Someone recently told me the story of a new coach who only wanted clients at $10k or higher. It took him nearly a year to find his first client...but after that he was on his way. I certainly was not that coach. Since 2006 I've done sessions from $20 (more on that later) to $2000 and have settled into what is my current sweet spot. My coaching programs start at $6000 for six months.
Right now I know colleagues who charge between $60 for a session and $60,000 (or more) for a program. Pricing our services is super important, super related to how we value ourselves and our work, and also an exercise in old school economics. We can charge what the market will bear.
So what prompted this post?
Last week I had a 45' call with someone about my coaching.
**P.S. My intention with this post is to show some pricing, worth, and sales frameworks up close and personal. I am not in any way criticizing this woman's behavior.**
A former client raved about me and so a prospective client called me in addition to vetting some other coaches.
I used my process of consultative sales with her (it's more about facilitating a decision than placing my services as a solution. more on this later). This savvy young woman self-identified as my ideal client (I always talk about my ideal client's psychographics so that they get an idea of fit).
Two interesting things happened on the call:
1. Even tho she had a fab recommendation and ticked off the list of qualities around being my ideal client, I didn't get a "hell yes" from her. (And that's ok. While I might be tempted to ask what's wrong with me, I know that I'm not a fit for all.)
2. I also broke a rule of my own. I discounted my prices! I told her $750 per month for six months instead of $1000 per month. My fear about her ability to pay (total fear and arrogance on my part) crept up and told me to lower my prices a tad. It felt icky for me and perhaps she picked up on that devaluing.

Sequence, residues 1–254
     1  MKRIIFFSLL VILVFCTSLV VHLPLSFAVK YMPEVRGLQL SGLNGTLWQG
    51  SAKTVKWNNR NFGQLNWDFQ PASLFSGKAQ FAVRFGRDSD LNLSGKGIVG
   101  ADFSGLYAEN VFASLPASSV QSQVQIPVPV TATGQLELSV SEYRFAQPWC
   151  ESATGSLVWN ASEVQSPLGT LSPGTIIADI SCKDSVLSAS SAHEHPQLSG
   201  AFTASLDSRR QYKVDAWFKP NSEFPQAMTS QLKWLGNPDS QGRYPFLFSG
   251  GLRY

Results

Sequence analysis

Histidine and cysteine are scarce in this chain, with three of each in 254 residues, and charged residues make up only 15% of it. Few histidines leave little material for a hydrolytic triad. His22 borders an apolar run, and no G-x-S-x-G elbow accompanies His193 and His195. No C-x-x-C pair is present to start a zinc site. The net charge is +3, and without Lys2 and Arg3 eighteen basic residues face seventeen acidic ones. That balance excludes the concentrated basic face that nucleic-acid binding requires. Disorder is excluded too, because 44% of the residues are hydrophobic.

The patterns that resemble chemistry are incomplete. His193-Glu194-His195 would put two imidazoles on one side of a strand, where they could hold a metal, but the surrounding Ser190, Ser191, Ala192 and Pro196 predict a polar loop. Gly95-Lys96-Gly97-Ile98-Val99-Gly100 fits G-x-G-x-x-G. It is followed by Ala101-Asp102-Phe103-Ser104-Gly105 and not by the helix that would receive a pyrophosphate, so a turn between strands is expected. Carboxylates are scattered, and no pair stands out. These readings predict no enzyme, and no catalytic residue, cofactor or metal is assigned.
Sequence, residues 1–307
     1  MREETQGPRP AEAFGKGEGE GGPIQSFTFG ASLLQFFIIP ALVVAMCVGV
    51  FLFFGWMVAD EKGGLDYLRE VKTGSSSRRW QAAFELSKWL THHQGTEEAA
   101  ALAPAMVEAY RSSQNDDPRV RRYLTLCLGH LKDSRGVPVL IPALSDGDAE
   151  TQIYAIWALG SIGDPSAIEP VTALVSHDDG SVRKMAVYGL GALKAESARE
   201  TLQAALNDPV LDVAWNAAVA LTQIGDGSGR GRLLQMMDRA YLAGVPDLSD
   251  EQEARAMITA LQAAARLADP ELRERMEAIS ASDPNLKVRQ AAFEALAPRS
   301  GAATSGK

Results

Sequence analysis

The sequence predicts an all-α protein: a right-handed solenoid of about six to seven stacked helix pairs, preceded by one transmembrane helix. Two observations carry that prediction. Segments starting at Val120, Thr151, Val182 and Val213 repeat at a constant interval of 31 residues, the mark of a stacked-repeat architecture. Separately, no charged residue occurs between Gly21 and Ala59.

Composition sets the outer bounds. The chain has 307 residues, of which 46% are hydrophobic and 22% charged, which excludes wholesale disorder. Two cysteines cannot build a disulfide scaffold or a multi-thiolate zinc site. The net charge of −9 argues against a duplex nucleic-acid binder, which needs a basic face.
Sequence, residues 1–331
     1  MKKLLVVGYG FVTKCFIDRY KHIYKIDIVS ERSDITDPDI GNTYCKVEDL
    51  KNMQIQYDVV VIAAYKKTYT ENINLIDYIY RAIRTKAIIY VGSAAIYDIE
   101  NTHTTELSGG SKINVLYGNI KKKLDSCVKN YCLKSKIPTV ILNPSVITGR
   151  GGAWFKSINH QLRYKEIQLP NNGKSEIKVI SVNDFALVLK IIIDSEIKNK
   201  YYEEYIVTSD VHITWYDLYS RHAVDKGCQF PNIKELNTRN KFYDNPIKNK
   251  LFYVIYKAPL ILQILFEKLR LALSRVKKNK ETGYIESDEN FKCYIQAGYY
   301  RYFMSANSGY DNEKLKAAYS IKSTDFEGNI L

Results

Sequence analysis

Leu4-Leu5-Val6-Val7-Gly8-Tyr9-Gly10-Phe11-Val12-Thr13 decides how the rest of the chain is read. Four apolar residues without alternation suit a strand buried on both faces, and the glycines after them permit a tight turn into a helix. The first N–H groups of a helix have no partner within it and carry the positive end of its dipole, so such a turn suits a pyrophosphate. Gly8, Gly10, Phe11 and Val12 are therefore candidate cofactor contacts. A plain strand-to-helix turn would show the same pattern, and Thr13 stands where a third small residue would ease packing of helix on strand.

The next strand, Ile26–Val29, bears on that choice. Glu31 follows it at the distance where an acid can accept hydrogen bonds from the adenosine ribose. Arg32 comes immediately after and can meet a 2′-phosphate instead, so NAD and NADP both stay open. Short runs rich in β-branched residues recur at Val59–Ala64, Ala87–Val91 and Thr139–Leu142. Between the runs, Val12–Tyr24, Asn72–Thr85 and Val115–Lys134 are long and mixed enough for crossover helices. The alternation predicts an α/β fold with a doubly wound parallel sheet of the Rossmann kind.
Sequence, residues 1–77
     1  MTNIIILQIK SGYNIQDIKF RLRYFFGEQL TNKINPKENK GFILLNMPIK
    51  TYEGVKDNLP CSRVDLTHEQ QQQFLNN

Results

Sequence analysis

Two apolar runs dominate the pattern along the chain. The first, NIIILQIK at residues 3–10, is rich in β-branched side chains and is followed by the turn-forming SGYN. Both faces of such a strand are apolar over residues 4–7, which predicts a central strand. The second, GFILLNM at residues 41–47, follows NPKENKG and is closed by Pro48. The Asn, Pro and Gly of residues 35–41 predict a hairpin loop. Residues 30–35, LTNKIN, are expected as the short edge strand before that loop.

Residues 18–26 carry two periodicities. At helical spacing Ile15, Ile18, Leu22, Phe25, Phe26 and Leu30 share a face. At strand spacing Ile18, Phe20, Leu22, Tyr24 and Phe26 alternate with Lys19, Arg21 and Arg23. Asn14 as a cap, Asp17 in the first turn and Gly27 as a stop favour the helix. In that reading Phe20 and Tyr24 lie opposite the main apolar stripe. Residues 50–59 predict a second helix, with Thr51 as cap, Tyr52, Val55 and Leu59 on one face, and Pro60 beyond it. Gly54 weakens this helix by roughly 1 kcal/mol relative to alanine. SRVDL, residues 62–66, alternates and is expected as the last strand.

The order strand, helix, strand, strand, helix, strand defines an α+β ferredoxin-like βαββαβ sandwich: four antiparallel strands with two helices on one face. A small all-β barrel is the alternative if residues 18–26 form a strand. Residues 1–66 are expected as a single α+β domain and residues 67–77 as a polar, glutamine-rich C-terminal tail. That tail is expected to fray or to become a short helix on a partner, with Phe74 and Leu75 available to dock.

Regardless, we had a nice chat. I thought, "Hmm, that didn't feel like a done deal and I know I'll follow up with her next week- in fact we made a plan to- and ultimately ball is in her court." Fortunately, I get to have such conversations from a place of abundance. If she picks me, great. If not, I have plenty of work right now. Ultimately, I'm not even sure I have bandwidth til end of September. (Tho nothing wrong with a wait list!).
This girl is savvy and comes from a sales background, so for me I had no reason to hard sell her and convert on the phone. (Plus that's never my MO.)
I followed up a week later using Mailvu.com. (it allows you to send custom video messages. It's still in early stages but people LOVE it for followup. I'm obsessed.)
In my mailvu video, I reiterated what she was looking to accomplish and asserted that I could help her with those things and that I'd love to hear from her about her decision-making process.
I got a nice response- no surprise she loved the video- and then something interesting happened: she said that other coaches she spoke to were giving her freebies and could I give her one so she could see what it's like to coach with me?
I took some time to think about how to respond because again it's not about just closing every piece of business. It's about coming from a place of wholeness, service and non-attachment (for me anyway- when I'm on my A-game).
Here's my response (and I did tell her thanks for asking the question and that I'd make it into a blog post):